No Small Potatoes: Junius G. Groves and His Kingdom in Kansas
No Small Potatoes: Junius G. Groves and His Kingdom in Kansas
Publisher's Hardcover15.59
$15.59
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Annotation: The life of Junius G. Groves, a sharecropper in Kansas who grew a modest potato farm into a potato kingdom.
Genre: [Biographies]
Catalog Number: #167536
Format: Publisher's Hardcover
Copyright Date: 2018
Edition Date: 2018
Illustrator: Tate, Don,
Pages: 40
Availability: Available
ISBN: 0-385-75276-8
ISBN 13: 978-0-385-75276-3
Dewey: 921
LCCN: 2017043196
Dimensions: 25 x 31 cm.
Language: English
Reviews:
ALA Booklist
Dynamo book creators come together to tell a long overdue story, the hero of which is introduced through the laid-back text: "One Potato. Two Potato. Thirty-Eleven Million Potatoes? Is that how many potatoes Junius George Groves grew? . . . not exactly [but] he sure grew piles and piles of spuds." Born into slavery in Kentucky, Groves headed west following Reconstruction, finding work on a Kansas potato farm and overcoming naysayers to become the "Potato King of the World." Along with his crop, he grew a family, a community, and a fortune, becoming one of the most successful African Americans of his time, all of which Tate shows through engaging mixed-media cartoon-style art. Text boxes share direct quotes, allowing Groves to speak in his own voice, and back matter includes source notes and a time line that helps flesh out the history. Far more than a tale of tubers, this is an inspiring account of hard work and a wonderful picture-book biography of a self-made farmer.
Horn Book
Bolden spotlights the life, work, and legacy of African American farmer and businessman Groves, born into slavery, who became known as the "Potato King of the World." As a free man, he worked on a Kansas potato farm and, over time, built an empire. Bolden's use of alliteration and folksy language lightens the fact-packed narrative. Quotes from Groves fill boxed insets in Tate's unpretentious, sunny-hued art. Timeline. Bib., glos.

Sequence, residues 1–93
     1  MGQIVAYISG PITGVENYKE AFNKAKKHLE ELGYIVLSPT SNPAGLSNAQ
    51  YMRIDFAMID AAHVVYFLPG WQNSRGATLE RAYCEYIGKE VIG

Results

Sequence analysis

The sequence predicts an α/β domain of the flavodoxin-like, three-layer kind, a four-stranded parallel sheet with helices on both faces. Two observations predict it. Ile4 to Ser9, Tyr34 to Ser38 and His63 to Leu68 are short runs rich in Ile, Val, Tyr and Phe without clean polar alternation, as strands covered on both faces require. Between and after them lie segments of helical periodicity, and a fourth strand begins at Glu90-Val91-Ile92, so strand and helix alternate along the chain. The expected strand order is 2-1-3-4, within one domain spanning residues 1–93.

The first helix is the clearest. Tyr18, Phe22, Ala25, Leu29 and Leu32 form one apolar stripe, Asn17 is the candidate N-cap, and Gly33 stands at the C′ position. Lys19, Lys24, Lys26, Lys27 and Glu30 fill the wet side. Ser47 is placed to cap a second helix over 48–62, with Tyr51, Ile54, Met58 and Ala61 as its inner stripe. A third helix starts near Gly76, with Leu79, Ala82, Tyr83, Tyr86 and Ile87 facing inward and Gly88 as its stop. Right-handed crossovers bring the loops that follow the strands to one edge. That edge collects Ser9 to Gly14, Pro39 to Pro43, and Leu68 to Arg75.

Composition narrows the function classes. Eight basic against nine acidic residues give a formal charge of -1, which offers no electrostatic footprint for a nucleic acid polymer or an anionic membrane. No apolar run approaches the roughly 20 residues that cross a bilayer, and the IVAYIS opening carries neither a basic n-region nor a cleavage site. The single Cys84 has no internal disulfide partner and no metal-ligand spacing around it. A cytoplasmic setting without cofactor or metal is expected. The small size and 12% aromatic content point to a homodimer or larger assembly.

Kirkus Reviews
Junius G. Groves, named "Potato King of the World" by the United States Department of Agriculture in 1902, was the richest black man "living between the Missouri River and the Rockies," according to the Indianapolis Recorder.This entertaining biography celebrates an African-American hero born into slavery in the late 1850s in Kentucky who realized his dreams for himself and eventually for his large family. Settling in the Great Kaw Valley, Kansas, Junius began working on a potato farm for 40 cents a day, "almost starvation wages," but he was determined to own a farm one day. First renting their land, Junius and his wife, Matilda, worked hard and saved, buying 80 acres in 1884 and paying off the balance in a year with the help of their three sons. Eventually he bought over 500 acres on which he grew 72,150 bushels—roughly 12 million potatoes—in one year, 1902. With 12 children and lots of hired hands, Junius built Groves Park, the community of Groves Center, a church, a store, and even a golf course. Every few pages, a sidebar punctuates Bolden's chatty, colloquial narrative with words from Groves himself. The mixed-media illustrations, awash in blues, greens, and browns, successfully represent the expansiveness of the land and the momentous nature of Groves' accomplishments. A glossary, a timeline, and other helpful backmatter make this an excellent research resource for teachers and students alike.This a-peel-ing story will give readers a new appreciation for spuds. (Picture book/biography. 5-8)
School Library Journal Starred Review